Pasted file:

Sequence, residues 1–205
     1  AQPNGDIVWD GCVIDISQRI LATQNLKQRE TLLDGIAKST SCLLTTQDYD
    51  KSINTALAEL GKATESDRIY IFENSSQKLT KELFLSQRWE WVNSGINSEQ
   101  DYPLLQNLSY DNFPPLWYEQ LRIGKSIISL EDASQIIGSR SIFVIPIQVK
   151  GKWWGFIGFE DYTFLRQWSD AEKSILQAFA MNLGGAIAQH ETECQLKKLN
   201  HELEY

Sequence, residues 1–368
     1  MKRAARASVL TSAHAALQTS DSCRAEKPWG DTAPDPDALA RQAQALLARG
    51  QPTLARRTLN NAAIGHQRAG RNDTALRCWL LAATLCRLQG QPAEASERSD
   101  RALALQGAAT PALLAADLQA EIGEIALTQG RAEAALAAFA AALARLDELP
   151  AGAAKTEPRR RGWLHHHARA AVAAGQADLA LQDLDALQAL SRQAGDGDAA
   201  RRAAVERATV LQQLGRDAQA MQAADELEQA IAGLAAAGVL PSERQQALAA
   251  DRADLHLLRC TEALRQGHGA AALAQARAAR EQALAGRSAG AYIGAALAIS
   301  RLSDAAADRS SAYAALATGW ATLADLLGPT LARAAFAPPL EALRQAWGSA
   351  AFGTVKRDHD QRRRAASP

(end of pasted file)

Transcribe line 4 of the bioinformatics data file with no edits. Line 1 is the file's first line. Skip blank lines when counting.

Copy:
   101  DYPLLQNLSY DNFPPLWYEQ LRIGKSIISL EDASQIIGSR SIFVIPIQVK